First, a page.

Research Support, N.I.H., Extramural

PMID: 17596638


4: J Affect Disord. 2007 Nov 27 [Epub ahead of print]


Light room therapy effective in mild forms of seasonal affective disorder-A randomised controlled study.

Rastad C, Ulfberg J, Lindberg P.

Department of Public Health and Caring Sciences, Uppsala University, Uppsala, Sweden; Center for Clinical Research Dalarna, Falun, Sweden.

BACKGROUND: The most common way to provide bright light therapy to Swedish patients with Seasonal Affective Disorder (SAD), is treatment in a light therapy room. Since few studies have evaluated treatment provided in this setting and few have evaluated the effect of bright light in sub-clinical SAD (S-SAD), such a study including a one-month follow-up was designed. METHODS: Fifty adults recruited from a previous prevalence study and clinically assessed as having SAD or S-SAD, were randomised to treatment in a light room or to a three-week waiting-list control group. The Hamilton Depression Rating Scale-Seasonal Affective Disorders Self-rating 29-items Version (SIGH-SAD/SR) was used to measure depressive mood at baseline, directly following treatment and at the one-month follow-up. RESULTS: ANCOVA with adjustment for baseline depression score, showed a significant main effect for the light room therapy group (p<0.001). Fifty-four percent (n=13/24) improved >/=50% while no such improvement was seen in the control condition (n=0/24). After merging the two groups, repeated measures ANOVA confirmed the experimental analysis (p<0.001). At the one-month follow-up, 83.0% (n=39/47) had improved >/=50% and 63.8% (n=30/47) had normal depression scores, i.e.
PMID: 18053580 [PubMed - as supplied by publisher]

5: J Am Geriatr Soc. 2007 Nov;55(11):1817-24. Epub 2007 Oct 16.


The effect of ambient bright light therapy on depressive symptoms in persons with dementia.

Hickman SE, Barrick AL, Williams CS, Zimmerman S, Connell BR, Preisser JS, Mitchell CM, Sloane PD.

School of Nursing, Oregon Health & Science University, Portland, Oregon, USA.

hickmans@ohsu.edu

OBJECTIVES: To assess the effect of ambient bright light therapy on depressive symptoms in persons with dementia. DESIGN: A cluster-unit crossover intervention trial involving four lighting conditions: morning bright light, evening bright light, all-day bright light, and standard light. SETTING: The common areas of two geriatric units in a state-operated psychiatric hospital in North Carolina and in a dementia-specific residential care facility in Oregon. PARTICIPANTS:

Sixty-six older adults with dementia. INTERVENTION: Ambient bright light therapy was delivered through a high-intensity, low-glare lighting system installed in the public areas of study units at both sites. Each lighting condition was provided for multiple 3-week periods in a predetermined sequence. MEASUREMENTS:

Staff caregivers completed the Cornell Scale for Depression in Dementia (CSDD) in the last week of each 3-week period to provide information about participants' moods. RESULTS: Analysis indicated a sex-by-treatment interaction (P=.008). Significant sex differences were found in CSDD scores in response to evening light (P=.003), all-day light (P=.001), and standard light (P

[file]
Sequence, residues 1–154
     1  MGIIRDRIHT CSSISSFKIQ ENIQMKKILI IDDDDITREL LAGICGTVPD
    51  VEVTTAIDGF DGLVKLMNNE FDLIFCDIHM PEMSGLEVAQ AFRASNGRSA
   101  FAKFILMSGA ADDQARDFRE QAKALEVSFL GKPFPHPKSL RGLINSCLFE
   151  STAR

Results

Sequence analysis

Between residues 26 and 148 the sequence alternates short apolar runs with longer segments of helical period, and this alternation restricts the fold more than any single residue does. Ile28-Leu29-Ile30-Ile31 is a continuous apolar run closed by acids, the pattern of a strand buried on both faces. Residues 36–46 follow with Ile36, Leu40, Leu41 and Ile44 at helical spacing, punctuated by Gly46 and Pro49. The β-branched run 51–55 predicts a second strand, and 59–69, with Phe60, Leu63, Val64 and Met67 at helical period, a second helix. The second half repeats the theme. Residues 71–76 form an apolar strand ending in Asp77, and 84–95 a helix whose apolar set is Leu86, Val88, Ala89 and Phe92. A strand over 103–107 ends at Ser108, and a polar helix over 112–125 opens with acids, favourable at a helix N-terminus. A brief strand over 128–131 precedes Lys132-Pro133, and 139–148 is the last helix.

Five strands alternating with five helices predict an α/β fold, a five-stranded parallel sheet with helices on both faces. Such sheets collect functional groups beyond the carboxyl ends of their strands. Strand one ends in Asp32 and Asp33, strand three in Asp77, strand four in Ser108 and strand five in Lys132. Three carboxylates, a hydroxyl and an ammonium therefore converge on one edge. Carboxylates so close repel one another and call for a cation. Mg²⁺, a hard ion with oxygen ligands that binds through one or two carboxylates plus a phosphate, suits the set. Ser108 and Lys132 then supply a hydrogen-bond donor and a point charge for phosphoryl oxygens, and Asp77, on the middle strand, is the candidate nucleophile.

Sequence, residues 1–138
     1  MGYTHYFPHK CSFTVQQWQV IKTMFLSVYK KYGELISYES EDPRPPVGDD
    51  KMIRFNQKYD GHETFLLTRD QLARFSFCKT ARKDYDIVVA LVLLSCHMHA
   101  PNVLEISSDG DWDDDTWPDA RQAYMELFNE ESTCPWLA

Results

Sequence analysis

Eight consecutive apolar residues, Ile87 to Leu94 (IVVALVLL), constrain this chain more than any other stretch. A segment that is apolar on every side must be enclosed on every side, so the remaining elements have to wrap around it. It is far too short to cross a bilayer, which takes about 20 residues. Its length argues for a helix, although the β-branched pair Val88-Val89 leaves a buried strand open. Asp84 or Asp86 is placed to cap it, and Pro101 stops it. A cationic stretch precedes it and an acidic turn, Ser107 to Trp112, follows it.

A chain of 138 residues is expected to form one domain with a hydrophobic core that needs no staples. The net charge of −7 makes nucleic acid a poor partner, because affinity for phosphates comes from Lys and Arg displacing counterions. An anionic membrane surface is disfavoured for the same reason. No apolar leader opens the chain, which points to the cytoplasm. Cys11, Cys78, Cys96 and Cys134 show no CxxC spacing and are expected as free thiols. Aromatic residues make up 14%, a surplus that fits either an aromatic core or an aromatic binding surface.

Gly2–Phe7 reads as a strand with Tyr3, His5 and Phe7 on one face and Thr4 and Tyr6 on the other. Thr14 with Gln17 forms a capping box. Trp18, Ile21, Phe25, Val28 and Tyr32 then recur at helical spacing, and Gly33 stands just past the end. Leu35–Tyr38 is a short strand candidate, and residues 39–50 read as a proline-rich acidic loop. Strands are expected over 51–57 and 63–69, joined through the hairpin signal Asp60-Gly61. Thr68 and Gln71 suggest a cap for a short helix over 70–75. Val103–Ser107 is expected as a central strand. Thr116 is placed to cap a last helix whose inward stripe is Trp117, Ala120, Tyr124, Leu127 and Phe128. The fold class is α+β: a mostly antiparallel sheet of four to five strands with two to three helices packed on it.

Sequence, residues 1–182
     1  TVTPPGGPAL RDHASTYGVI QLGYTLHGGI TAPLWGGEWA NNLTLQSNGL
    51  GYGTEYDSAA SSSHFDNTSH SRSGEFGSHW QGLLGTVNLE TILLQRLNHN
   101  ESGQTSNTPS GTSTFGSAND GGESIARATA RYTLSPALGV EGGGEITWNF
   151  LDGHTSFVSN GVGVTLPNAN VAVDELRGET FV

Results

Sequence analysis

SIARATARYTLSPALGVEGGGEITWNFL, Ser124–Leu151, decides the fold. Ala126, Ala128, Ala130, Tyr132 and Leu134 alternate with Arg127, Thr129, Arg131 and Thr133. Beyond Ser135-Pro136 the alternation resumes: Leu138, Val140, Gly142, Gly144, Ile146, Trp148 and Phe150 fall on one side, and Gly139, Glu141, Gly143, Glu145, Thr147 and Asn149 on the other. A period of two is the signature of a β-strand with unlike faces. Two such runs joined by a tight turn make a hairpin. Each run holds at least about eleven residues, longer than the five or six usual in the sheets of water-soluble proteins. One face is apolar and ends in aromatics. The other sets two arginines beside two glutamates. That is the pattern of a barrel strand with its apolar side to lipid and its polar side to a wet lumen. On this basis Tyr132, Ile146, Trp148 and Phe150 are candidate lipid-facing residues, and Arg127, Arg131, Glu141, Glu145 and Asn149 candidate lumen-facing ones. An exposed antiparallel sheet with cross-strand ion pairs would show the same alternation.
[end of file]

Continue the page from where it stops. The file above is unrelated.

Multicenter Study

Randomized Controlled Trial

Research Support, N.I.H., Extramural

PMID: 17944896


6: J Affect Disord. 2007 Oct 18 [Epub ahead of print]


Efficacy of light therapy in nonseasonal depression: A systematic review.

Even C, Schröder CM, Friedman S, Rouillon F.

Centre Hospitalier Sainte-Anne, Clinique des Maladies Mentales et de l'Encéphale, Université Paris V, Paris, France.

BACKGROUND: The efficacy of bright light therapy is well established for winter depression but its status in depression without seasonal pattern is unclear. METHODS: We systematically evaluated available data on the efficacy of light therapy in nonseasonal depression. RESULTS: We identified 62 reports among which 15 met our predefined selection criteria. The available data show evidence for the efficacy of light therapy as an adjuvant treatment to antidepressants. Trials that evaluated light therapy alone (without antidepressants) in nonseasonal depression yielded inconsistent results. LIMITATIONS: Most of the studies extracted poorly controlled the issue of blindness and were limited by small sample sizes. Publication bias may have distorted our estimation of the effect of light therapy. CONCLUSIONS: Overall, bright light therapy is an excellent candidate for inclusion into the therapeutic inventory available for the treatment of nonseasonal depression today, as adjuvant therapy to antidepressant medication. Future clinical trials of light therapy should distinguish homogenous subgroups of depressed patients in order to evaluate whether light therapy may eventually be considered as stand-alone treatment for specific subgroups of patients with nonseasonal depression.

PMID: 17950467 [PubMed - as supplied by publisher]

7: Intensive Crit Care Nurs. 2007 Oct;23(5):289-97. Epub 2007 Aug 9.